Hamburger spoke at a press briefing on a new AAR report, “GreatExpectations: Railroads and U.S. Economic Recovery.”
“Railroads face new policy initiatives that could hamper our ability to meet the great expectations America now has for rail to aid in our economic recovery,” Hamberger said. “Select legislative and regulatory proposals are creating an air of uncertainty at a time when there is already too much of that. When so much is riding on freight rail’s ability to sustain a healthy national rail network necessary to help America through to economic recovery, now is not the time to undermine our financial viability.”
He said that costly federal mandates and regulations could mean higher costs to businesses and consumers who rely on railroads for goods and services.
“Freight rail is the only mode of transportation that is almost entirely self sustaining," Hamberger said, noting that in a bleak recession the industry in 2009 invested $9 billion upgrading and modernizing the rail network. “We sustain a healthy national rail system with private capital and we also deliver tremendous public, economic, and job benefits to American businesses and consumers.”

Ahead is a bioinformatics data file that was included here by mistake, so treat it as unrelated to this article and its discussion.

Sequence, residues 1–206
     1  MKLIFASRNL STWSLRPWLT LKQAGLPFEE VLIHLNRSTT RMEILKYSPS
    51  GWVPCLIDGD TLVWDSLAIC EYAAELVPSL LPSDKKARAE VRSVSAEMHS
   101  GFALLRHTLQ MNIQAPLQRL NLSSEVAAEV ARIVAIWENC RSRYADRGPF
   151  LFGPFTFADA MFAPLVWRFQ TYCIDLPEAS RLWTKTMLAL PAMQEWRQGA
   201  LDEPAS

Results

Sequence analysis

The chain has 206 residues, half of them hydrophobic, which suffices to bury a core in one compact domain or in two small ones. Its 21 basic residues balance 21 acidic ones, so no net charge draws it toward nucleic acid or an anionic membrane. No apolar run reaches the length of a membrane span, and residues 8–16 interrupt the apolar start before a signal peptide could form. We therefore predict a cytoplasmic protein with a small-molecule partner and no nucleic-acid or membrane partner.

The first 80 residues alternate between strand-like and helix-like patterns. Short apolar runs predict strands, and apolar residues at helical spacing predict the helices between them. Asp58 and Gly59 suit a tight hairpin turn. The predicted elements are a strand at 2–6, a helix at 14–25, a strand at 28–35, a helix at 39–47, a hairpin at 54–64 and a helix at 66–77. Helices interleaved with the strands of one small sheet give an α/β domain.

According to the AAR report, freight railroads generate nearly $265 billion in total annual economic activity, and directly or indirectly support more than 1.2 million U.S. jobs.
The report also pointed out that freight railroads provide the foundation for the high speed and intercity passenger train network envisioned by the Obama Administration—noting that more than 90% of Amtrak’s operations relies on rights-of-way owned by the freight carriers.
“What’s more, policies that weaken the industry’s ability to attract investors could threaten high-paying American jobs with freight rail companies, as well as those jobs connected to the railroads in areas such as housing, manufacturing, retail, and agribusiness,” he added.
“Great Expectations: Railroads and U.S. Economic Recovery” (CLICK HERE TO ACCESS A PDF DOWNLOAD OF THE FULL REPORT) provides an analysis of key policy initiatives in Washington, their potential impact on the industry, and possible solutions.